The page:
How Dhaka can benefit from circular waste management

Citizens are those who enable the circular movement of waste, for which they should be rewarded with social/economic benefits. PHOTO: STAR

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Citizens are those who enable the circular movement of waste, for which they should be rewarded with social/economic benefits. PHOTO: STAR

Large companies offering commercial and residential waste collection services make a lot of money collecting and processing waste in the West. Just consider the economic value of the following items: bottles and cans, toys, metal objects, boxes, paper products, books, clothes, and old cell phones and computers – all thrown away without regard to the negative externalities they create. Then there is the organic waste generated in millions of kitchens. Is everything trash or is there money in the trash? Money can be interpreted as benefits not only for individuals, but also for communities, society, the economy and the very environment which absorbs much of what we carelessly discard. Here we explore the opportunities that lurk in the elements we casually reject. Instead of being used or repurposed, much of it ends up in landfills.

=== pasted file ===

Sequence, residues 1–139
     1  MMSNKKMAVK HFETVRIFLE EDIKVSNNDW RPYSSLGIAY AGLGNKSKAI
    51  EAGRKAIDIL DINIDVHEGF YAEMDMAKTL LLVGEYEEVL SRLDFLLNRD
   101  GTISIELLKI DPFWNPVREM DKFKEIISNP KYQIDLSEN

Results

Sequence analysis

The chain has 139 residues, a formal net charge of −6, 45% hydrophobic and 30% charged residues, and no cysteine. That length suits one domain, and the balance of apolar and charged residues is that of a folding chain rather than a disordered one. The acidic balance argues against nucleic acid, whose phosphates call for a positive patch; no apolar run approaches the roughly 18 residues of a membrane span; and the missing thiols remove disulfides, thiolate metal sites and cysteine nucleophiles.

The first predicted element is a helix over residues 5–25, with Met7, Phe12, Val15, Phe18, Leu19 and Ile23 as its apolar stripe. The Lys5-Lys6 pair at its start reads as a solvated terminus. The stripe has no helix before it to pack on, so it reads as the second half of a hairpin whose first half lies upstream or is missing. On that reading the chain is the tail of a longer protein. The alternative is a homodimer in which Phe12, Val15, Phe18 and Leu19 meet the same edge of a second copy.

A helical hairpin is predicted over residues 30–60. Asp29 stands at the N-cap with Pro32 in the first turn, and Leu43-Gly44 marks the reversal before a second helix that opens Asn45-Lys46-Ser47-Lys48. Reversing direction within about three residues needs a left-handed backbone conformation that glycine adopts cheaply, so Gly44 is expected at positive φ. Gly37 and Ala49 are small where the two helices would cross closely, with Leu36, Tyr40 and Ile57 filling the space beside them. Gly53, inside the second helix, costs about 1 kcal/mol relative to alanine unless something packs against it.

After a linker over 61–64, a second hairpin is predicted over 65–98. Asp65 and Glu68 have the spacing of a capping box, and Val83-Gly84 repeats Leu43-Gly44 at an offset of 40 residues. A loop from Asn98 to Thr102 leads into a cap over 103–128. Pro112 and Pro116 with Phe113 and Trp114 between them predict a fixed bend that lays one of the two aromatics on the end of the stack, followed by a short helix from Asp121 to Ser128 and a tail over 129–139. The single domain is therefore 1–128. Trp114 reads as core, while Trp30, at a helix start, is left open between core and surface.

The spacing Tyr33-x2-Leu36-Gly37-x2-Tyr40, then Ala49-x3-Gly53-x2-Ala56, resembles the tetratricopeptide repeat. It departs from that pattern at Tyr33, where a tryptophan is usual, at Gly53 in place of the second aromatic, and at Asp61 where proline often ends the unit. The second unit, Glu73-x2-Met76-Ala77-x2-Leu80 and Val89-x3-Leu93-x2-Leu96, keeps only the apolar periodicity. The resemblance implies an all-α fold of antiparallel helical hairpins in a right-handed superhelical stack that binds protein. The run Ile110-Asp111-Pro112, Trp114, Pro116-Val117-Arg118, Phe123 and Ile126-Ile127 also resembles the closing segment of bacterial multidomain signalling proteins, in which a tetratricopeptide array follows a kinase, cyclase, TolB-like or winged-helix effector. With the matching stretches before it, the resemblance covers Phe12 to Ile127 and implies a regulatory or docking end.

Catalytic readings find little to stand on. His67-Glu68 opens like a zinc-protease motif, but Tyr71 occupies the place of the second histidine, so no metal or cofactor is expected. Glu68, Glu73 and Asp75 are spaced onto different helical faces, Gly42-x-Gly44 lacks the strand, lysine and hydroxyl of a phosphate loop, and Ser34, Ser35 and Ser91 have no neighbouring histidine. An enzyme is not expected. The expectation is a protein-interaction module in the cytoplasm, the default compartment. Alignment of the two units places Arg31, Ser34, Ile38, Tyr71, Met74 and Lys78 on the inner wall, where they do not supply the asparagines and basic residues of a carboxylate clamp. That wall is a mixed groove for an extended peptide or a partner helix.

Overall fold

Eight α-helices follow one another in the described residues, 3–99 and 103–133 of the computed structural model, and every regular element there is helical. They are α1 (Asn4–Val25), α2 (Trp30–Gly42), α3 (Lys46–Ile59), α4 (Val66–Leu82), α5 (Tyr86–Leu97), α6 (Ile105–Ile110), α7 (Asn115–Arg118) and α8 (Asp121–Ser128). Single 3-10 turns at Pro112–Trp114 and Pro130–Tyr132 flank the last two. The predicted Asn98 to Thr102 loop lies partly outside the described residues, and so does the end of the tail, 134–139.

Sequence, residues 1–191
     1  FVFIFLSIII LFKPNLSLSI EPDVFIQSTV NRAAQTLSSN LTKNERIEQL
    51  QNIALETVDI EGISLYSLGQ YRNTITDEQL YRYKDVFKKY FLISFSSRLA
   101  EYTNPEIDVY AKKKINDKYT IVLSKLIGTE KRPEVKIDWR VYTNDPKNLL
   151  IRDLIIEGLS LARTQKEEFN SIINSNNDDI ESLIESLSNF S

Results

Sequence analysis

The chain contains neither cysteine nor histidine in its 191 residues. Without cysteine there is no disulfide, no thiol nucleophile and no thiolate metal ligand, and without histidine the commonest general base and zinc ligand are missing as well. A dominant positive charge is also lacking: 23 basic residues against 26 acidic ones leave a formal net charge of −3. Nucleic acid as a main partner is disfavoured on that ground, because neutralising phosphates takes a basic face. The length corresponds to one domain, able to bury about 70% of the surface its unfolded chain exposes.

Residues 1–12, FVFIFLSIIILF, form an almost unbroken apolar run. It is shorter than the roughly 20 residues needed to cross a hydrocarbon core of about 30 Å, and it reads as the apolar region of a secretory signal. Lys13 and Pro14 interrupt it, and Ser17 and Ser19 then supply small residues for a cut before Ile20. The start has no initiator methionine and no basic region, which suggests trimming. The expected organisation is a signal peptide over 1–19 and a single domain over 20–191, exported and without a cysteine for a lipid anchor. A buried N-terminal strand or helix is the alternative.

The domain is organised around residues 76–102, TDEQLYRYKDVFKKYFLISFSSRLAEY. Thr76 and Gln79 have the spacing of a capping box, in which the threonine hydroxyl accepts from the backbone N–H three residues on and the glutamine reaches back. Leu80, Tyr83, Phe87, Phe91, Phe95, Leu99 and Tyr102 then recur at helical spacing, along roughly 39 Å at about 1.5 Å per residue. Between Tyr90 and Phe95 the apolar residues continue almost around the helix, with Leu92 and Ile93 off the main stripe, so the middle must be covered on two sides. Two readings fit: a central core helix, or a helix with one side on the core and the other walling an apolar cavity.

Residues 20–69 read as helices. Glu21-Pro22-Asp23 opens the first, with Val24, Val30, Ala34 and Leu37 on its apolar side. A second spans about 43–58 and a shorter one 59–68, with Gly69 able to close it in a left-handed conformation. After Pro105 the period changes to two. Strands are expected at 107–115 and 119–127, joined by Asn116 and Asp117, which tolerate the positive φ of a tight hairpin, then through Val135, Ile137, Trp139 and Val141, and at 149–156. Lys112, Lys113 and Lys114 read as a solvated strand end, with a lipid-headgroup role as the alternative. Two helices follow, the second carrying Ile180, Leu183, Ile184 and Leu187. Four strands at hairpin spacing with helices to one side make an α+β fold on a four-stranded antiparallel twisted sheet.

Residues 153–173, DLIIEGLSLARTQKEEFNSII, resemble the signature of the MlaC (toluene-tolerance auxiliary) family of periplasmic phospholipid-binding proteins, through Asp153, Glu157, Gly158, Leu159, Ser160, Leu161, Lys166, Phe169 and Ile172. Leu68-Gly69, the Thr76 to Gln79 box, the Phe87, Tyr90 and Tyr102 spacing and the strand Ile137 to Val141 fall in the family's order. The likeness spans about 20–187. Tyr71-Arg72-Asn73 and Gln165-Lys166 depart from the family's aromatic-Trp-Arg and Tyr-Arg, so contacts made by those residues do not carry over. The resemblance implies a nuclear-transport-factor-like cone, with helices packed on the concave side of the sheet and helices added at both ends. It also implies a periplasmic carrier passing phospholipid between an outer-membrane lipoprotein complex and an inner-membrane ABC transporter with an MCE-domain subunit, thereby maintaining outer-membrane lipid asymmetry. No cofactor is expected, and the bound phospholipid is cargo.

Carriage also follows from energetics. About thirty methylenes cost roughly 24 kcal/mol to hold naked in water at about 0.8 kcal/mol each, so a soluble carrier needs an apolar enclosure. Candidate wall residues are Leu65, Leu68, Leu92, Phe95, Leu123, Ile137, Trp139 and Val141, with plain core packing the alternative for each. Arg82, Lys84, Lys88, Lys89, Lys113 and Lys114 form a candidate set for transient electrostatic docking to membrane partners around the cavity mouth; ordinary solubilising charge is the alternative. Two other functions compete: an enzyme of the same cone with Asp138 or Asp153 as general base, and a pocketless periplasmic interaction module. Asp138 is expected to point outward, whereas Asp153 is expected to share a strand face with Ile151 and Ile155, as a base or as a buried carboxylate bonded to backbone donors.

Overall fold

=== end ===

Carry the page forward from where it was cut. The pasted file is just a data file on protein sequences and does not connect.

Today’s world is vibrant with innovation. In the last century, we were blessed with unprecedented technological and economic growth. Alongside this, however, are new models, new technologies and new ways of doing the same thing – perhaps more efficiently. As new innovations emerged, the elimination of old solutions began to generate a mountain of discarded goods never seen or experienced. There is great opportunity in everything that people reject.

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The waste that we all produce every day, in the hundreds of thousands of tons, offers opportunities for economic growth, as well as social transformation. All of this can be done through a simple but effective system.

TABLE: Courtesy

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TABLE: Courtesy

First, the system in question must be designed to create a circular movement in all sectors of urban life, the environment and the economy. Circularity means perpetual motion, and perpetual growth is the end goal. We must create an endless cycle that creates perpetual growth. Take rain, for example. It’s part of a circular process. Water evaporates on a hot day in the atmosphere, and when it is cold, it descends back to Earth to evaporate again, repeating the cycle endlessly. Our thinking uses this simple principle of circularity without wasting resources. Instead of water, we move waste in an endless circular pattern, generating both economic and social value for citizens. Citizens are those who enable the circular movement of waste, for which they should be rewarded with social/economic benefits. The magnitude of these rewards depends on their contribution to the circularity of waste, serving as a catalyst for economic and social growth for individuals and communities.